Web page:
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more drugs like nusinersen—RNA-based drugs administered via infusions into the spine. Biogen believes it has a leg up on the industry developing drugs this way—as opposed to, say, antibody drugs or small molecules—because of the work it’s done with Ionis on nusinersen. Ehlers says Biogen might be able to use the same method to treat several severe neurological diseases. These efforts are early. Just one such program—a Phase 1 study for the notoriously tough to treat ALS—is in human clinical testing. But Ehlers says multiple, similar-type programs could follow; it’s a clear area of R&D investment for Biogen going forward. “It just opens up the mind to all kinds of things that weren’t previously addressable,” he says.
New CEO Michel Vounatsos added on a conference call last week that Biogen has a “renewed prioritization on business development activities,” suggesting more deals are coming now that the Bioverativ spinoff is complete. “We need to do a little bit of buildup in the early clinical portfolio,” Ehlers says.
Cox ran Biogen’s hemophilia manufacturing and commercial operations when Eloctate and Alprolix were approved in 2014. When Biogen’s board decided to spin out Bioverativ, he had the choice of either running Biogen’s technical operations or being the CEO of a new, smaller company. Over the years, he’d become more and more familiar with hemophilia as a disease. Shortly after Biogen acquired Syntonix, for example, Cox remembers attending a National Hemophilia Foundation event. A parent confronted him at the booth Biogen had set up. “She said, ‘I hear you’re the manufacturing guy,” Cox recalls. “Well I’ve got two boys who have hemophilia. Why should I trust you?”
Hemophilia patients, a majority of whom are male, often have to be infused with replacement clotting factors multiple times a week, depending how severe their disease is, to protect them from bleeds that can cause joint or organ damage. The selling point of Eloctate and Alprolix is that they don’t have to be given as often as conventional clotting factors. Cox says patients on Alprolix or Eloctate typically get down to two or fewer infusions per week. But for children, the responsibility of administering the drug still often falls to their parents. Uninterrupted drug supply is critical, and that’s what Cox was in charge of. “You had mothers that cared so much about these boys,“ he says. “It really draws you in.”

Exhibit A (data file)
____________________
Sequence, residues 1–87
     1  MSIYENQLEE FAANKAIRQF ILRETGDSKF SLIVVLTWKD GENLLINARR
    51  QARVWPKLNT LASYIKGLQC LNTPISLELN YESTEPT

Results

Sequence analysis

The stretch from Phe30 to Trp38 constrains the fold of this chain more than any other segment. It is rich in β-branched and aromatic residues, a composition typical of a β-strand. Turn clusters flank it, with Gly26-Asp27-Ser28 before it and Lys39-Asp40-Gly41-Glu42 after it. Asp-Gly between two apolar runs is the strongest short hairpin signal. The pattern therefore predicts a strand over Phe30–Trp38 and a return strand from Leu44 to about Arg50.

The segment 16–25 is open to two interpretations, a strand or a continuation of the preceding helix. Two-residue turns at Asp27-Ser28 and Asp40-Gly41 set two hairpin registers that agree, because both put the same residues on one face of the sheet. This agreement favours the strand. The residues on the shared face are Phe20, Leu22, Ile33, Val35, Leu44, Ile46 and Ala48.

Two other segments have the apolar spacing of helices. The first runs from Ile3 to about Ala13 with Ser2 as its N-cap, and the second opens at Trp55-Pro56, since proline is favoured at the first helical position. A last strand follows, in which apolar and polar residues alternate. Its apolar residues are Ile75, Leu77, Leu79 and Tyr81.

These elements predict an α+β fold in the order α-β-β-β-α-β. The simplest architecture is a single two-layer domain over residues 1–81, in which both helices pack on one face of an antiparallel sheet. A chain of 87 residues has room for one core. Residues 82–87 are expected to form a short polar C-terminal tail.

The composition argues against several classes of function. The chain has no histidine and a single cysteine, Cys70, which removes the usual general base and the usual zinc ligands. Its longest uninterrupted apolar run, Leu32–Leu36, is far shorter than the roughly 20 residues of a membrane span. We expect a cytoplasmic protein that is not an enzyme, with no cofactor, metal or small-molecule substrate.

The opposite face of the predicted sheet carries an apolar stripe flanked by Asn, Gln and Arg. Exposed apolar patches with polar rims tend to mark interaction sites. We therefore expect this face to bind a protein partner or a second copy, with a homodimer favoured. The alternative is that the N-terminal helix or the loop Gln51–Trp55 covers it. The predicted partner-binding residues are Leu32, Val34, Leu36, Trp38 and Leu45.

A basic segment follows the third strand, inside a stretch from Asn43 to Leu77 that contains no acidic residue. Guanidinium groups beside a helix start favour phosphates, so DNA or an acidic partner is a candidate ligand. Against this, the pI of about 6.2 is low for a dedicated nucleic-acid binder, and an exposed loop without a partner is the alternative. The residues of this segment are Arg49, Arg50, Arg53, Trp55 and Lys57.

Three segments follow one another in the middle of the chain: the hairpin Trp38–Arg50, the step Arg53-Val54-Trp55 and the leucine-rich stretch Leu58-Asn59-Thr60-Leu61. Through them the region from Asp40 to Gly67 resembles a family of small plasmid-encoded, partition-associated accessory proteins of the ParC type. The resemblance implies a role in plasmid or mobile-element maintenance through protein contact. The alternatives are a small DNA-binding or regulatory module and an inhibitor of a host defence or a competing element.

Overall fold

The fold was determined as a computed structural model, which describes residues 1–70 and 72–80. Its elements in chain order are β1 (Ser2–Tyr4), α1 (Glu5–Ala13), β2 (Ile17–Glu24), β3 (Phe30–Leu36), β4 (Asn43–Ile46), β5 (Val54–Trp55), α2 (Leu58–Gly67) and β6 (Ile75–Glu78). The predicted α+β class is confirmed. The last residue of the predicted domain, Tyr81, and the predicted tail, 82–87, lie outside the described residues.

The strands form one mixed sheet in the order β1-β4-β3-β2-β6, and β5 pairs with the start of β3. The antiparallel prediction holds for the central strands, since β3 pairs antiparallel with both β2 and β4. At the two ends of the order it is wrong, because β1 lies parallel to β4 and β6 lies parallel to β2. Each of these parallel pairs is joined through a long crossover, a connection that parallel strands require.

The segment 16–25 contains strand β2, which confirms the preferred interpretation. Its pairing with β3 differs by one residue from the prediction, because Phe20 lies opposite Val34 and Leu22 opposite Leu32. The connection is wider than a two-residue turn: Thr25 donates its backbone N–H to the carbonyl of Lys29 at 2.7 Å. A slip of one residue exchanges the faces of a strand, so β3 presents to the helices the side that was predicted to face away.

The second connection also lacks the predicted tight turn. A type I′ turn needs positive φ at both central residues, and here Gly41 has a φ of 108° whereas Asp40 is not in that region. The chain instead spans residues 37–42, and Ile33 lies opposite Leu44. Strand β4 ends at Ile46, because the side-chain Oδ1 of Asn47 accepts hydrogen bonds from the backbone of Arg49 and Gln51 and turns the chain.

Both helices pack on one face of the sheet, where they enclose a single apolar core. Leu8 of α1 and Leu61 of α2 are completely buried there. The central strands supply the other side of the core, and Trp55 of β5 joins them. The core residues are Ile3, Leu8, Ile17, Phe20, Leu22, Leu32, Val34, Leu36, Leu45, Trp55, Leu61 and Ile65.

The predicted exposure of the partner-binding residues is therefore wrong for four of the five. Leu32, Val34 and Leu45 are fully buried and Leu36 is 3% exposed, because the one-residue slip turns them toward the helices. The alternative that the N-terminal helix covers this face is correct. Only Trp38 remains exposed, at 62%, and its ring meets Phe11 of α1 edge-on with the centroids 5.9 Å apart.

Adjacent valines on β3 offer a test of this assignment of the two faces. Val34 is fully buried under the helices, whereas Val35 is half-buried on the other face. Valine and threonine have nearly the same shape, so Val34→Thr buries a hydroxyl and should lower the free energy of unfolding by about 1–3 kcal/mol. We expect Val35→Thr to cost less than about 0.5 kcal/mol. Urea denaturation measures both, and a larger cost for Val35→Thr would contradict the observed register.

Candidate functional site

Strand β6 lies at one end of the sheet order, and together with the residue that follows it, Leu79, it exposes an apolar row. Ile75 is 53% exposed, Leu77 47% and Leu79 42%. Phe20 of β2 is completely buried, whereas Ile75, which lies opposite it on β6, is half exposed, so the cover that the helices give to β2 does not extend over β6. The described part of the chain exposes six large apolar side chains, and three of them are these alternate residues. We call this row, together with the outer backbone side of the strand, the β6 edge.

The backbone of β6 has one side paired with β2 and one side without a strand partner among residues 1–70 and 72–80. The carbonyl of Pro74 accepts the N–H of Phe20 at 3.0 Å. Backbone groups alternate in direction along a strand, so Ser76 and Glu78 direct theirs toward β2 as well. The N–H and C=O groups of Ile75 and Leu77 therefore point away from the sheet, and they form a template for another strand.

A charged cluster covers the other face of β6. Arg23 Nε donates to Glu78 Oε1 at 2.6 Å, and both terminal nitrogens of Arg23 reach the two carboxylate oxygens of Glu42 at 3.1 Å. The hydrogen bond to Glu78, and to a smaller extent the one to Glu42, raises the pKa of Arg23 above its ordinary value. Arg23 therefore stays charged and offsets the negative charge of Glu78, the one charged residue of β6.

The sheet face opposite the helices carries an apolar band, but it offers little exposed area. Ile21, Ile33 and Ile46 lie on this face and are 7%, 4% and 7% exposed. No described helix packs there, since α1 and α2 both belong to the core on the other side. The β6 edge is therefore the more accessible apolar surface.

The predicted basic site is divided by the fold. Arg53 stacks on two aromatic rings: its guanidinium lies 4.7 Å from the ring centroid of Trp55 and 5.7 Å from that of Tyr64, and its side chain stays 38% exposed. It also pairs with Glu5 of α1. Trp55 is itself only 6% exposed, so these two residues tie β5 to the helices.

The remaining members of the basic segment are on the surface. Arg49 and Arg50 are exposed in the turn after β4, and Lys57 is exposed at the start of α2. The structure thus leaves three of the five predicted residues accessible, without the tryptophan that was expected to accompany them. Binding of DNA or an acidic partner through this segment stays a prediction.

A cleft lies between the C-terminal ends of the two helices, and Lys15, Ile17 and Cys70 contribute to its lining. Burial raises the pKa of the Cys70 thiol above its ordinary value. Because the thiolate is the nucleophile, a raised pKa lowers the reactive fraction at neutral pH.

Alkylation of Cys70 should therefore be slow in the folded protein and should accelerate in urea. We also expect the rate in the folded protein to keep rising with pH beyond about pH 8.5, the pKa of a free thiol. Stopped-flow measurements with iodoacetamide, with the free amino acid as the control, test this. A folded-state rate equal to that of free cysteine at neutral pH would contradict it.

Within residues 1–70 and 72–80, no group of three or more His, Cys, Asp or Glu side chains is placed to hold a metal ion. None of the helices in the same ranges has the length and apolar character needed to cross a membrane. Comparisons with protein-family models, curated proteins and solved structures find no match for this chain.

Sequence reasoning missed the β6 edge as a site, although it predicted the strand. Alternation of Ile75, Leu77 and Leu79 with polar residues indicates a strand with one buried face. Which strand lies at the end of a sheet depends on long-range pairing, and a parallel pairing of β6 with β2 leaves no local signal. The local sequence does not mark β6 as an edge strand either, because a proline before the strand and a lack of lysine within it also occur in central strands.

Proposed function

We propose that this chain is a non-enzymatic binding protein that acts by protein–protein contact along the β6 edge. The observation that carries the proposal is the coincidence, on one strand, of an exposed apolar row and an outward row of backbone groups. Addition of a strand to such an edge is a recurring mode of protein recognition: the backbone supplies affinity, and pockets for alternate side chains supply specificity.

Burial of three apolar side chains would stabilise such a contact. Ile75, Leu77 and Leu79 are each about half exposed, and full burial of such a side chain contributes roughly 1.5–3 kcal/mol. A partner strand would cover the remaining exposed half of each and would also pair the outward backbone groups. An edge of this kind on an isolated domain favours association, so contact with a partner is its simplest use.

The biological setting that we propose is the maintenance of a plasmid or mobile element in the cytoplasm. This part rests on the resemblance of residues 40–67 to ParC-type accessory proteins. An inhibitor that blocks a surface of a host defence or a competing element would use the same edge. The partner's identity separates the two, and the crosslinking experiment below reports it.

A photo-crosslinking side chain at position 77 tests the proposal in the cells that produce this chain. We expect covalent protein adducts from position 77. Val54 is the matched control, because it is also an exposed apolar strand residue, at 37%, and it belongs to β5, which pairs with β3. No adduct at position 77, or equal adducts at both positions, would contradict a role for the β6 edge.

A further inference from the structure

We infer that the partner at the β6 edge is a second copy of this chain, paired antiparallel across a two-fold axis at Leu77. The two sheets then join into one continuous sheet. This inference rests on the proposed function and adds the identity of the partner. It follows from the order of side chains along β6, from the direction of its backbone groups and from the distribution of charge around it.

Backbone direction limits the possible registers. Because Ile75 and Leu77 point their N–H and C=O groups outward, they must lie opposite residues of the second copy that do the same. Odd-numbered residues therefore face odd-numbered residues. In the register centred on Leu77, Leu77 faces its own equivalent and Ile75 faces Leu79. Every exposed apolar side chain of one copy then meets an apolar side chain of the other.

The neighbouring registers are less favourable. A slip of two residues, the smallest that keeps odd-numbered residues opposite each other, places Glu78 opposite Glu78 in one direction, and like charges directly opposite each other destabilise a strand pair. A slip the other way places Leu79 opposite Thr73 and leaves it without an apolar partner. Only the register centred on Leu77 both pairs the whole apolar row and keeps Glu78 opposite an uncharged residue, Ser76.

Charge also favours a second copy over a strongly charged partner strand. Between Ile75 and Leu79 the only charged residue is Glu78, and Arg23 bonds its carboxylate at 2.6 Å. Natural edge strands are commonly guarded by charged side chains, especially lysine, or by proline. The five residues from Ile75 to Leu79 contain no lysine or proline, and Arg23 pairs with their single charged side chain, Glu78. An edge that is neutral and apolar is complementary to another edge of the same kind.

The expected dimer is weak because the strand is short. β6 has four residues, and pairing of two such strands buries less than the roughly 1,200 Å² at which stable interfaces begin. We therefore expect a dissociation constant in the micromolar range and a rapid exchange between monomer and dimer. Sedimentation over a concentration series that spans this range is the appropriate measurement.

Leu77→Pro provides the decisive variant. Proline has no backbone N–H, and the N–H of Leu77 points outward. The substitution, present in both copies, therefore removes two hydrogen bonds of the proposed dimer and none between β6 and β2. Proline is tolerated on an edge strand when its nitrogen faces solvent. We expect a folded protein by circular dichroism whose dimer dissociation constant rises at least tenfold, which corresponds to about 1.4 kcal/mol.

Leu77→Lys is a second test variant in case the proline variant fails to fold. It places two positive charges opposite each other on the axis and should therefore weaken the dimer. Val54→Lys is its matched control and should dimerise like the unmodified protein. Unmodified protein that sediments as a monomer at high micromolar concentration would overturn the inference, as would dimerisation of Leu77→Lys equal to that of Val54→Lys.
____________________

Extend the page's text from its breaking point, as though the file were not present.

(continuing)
Biogen’s two hemophilia products grew from $134.4 million in revenue in 2014 to $560 million in 2015 and remain on the upswing, generating nearly $850 million last year. “People were embracing [them],” Cox says. So he took the Bioverativ job. He now assumes the challenge of building a business anchored by Eloctate and Alprolix despite emerging competition and other challenges.
The good news for Bioverativ is it has $325 million in cash in the bank, no debt, two products already on the market, and a track record of $108 million profit for its products in 2015. That gives Bioverativ a head start trying to round out an identity as a developer of drugs not just for hemophilia, but a variety of blood diseases, starting with sickle cell disease and beta thalassemia via a partnership Biogen forged with Sangamo Biosciences (NASDAQ: SGMO) in 2014. It’s developing a longer-lasting version of Eloctate—BIVV001, for hemophilia A—that should start clinical testing this year. Bioverativ also has the wherewithal to add assets that might help in the near term. Cox confirms Bioverativ is looking for deals, but declined to give further details.
But Bioverativ will likely have to be aggressive. Gene therapies for hemophilia are working their way through clinical testing and, while questions remain, they offer at least the potential for long-lasting, if not permanent, treatment. There are also a slew of competing clotting factor replacement therapies from Shire, Bayer, Novo Nordisk, and others on the market.
Kimberly Haugstad, the president and CEO of the nonprofit Hemophilia Federation of America, also says that she’s started to see insurers—who have become more and more emboldened to fight drug prices—implementing “step therapy” measures in hemophilia. That means patients might have to fail a lower-cost therapy first before getting reimbursed for a more expensive, longer-lasting treatment like Bioverativ’s two drugs.
“We have not seen this before and it is extremely worrisome for us,” she says.
Cox downplays the competitive threats. Despite the early promise, there’s a lot to be worked out with gene therapy, he says. At this point, no one knows how long it’ll last, or whether it’ll work in much of the population. There have been variable results for gene therapies in clinical trials and immune system reactions to some treatments. Patients, he says, just want to get a dose of clotting factor once a week or less and know they’re protected from bleeding episodes.
Haugstad, however, says that every hemophilia patient’s situation is different, and even if patients get frequent infusions to protect them, they’re not stress free. People always have to consider what daily activities are safe, be prepared for emergencies, and stay on top of whether their therapy is being insured. “If you’re asking me what patients really want,” she says, “we dream of a life without any needle sticks or worry of a spontaneous bleed.”